Actually, it’s the opposite of “peak oil,” which has something to do with extraction, production, and the demand exceeding the supply. Or maybe “peak yoga” just looks a little different from “peak oil,” as we have the supply of yoga (teachers and studios) exceeding demand (people who want to do yoga).
At least this is what The Province, a Vancouver-based borderline tabloid newspaper, is claiming in a recent story on why so many yoga studios in the city are closing.
For many, yoga studios are as much a part of Vancouver as coffee shops and sushi joints, but after a wave of at least six city-area yoga studios closing in recent months, some are wondering if the market is overstretched.
In recent months yoga studios have closed down in North Vancouver, Gastown, Kitsilano, Dunbar and the West End. Another, Heart Centre Yoga in Burnaby, has announced they’ll roll up their mats and shut the doors later this month.
But figures in the local yoga community are taking different positions on the reasons for the rush of closures. [via The Province]
The article, of course, gave both of these positions, quoting Lynn Roberts of Innergy Corporate Yoga, who says the Vancouver yoga market is saturated. Jen Riley, the vice-president of marketing for YYoga, a corporate chain (kind of Canada’s version of Pure Yoga) with studios throughout Vancouver, believes there is enough yoga pie for everyone in Vancouver, but Groupon is killing small studios (a small aside: years ago, IAYB had gotten wind that YYoga had bought out independent studios as they expanded into Vancouver’s neighbourhoods).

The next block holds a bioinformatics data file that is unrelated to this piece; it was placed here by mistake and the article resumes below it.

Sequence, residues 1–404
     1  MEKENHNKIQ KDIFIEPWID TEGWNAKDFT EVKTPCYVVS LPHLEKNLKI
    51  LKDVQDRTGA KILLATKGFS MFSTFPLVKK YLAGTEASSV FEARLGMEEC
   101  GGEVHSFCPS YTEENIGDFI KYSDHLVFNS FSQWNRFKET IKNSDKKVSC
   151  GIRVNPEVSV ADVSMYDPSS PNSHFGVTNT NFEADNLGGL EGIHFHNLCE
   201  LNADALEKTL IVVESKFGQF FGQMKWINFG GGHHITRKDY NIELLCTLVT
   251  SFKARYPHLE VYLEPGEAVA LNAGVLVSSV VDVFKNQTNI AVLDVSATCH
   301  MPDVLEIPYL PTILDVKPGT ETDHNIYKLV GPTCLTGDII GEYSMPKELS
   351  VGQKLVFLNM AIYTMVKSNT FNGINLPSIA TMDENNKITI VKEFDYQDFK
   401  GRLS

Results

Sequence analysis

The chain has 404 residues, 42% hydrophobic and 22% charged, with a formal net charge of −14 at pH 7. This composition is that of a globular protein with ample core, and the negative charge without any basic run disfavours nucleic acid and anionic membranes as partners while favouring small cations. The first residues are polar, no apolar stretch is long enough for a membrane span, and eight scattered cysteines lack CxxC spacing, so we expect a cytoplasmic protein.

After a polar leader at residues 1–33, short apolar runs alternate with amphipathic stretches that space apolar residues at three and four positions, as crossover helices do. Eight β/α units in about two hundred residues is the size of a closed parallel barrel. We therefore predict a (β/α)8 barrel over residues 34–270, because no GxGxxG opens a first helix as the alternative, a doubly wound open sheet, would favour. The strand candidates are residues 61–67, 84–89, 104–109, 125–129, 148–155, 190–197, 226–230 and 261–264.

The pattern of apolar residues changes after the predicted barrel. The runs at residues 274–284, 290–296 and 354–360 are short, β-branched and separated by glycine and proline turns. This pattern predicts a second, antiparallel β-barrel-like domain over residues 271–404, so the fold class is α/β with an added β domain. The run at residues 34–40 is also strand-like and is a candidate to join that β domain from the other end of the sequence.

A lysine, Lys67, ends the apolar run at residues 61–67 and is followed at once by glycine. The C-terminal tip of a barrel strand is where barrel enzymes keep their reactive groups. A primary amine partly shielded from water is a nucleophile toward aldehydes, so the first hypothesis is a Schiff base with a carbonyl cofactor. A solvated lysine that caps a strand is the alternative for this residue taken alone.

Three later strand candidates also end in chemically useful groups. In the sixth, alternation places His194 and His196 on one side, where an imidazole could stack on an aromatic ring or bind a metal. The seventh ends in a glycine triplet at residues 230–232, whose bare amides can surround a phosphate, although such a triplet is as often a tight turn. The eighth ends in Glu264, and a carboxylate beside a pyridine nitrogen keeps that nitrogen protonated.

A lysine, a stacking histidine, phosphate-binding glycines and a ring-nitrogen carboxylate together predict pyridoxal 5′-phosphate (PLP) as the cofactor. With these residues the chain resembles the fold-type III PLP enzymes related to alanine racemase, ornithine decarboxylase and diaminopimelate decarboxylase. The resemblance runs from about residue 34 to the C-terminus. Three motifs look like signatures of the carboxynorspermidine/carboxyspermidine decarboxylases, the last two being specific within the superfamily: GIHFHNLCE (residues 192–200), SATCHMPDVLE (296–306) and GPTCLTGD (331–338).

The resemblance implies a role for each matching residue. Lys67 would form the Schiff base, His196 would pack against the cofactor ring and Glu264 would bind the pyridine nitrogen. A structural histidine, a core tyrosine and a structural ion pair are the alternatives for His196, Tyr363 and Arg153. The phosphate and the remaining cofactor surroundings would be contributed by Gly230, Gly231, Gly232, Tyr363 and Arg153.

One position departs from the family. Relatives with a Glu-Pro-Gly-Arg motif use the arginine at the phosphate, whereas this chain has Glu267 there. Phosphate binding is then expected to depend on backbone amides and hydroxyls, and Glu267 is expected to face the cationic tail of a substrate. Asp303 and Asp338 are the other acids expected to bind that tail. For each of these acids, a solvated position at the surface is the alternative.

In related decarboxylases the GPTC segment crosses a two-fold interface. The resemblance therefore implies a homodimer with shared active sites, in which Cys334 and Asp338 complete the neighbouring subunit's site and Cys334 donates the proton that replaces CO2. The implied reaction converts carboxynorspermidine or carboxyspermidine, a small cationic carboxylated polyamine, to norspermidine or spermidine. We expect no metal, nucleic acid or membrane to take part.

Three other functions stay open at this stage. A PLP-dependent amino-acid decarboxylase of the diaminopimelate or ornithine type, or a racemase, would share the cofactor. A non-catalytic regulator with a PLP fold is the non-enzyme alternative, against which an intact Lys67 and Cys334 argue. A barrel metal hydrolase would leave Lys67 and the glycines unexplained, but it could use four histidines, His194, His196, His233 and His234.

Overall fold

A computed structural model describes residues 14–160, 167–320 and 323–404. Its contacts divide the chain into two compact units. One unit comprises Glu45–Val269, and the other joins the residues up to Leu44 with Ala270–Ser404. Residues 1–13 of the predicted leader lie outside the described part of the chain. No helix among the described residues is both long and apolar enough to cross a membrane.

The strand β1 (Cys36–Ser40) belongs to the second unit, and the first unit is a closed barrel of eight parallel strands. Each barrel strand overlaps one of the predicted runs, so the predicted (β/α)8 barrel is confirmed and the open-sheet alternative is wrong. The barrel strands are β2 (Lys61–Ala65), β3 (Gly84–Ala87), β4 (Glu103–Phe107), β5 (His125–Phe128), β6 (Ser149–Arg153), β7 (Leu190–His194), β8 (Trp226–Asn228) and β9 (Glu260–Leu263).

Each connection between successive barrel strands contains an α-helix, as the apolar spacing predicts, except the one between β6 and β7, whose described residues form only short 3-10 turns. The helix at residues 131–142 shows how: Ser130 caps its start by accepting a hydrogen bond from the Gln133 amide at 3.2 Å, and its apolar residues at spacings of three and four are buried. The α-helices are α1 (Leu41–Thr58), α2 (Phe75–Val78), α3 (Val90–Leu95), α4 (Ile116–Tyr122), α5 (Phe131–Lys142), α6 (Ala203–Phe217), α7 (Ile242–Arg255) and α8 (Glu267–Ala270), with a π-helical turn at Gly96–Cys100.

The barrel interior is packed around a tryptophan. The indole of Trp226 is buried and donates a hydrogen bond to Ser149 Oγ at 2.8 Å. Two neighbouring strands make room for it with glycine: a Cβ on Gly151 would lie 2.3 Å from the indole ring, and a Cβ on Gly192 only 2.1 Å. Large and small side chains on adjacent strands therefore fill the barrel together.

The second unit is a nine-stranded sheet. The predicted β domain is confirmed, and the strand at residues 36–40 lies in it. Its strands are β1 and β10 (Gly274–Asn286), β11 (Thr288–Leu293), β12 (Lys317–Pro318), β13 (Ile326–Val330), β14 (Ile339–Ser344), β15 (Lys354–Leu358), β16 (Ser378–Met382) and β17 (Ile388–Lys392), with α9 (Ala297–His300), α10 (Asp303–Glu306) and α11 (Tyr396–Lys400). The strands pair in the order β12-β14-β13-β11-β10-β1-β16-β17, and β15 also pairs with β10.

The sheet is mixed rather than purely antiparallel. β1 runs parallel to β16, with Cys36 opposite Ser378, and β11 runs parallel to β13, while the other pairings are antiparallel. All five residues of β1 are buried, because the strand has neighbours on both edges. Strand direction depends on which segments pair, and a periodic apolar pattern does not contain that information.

Not surprisingly, YYoga continues to grow and “aggressively expand” into new markets, including a mega studio that recently opened in Toronto. They’re also campaigning for the “yoga orphans” who are left yoga-less when their neighbourhood studio closes.
The all-important last word, however, goes to a “yoga business expert” from Simon Fraser University who has closely studied and taught about Lululemon’s business plan. “There’s only so many people who want to do yoga, and we probably just have too many studios,” said David Hannah.
Is it more complicated than this? Has the current business model to thrive in the yoga industry (open a studio / start a teacher training to generate revenue / train more students / saturate the market) created a vicious cycle? Does this rash of closures say something about the excess of supply over demand for yoga in other North American cities? And is it possible that as the economic rewards of studio-based yoga diminish, that this phase in the cycle may actually benefit the passionate, committed teachers and students?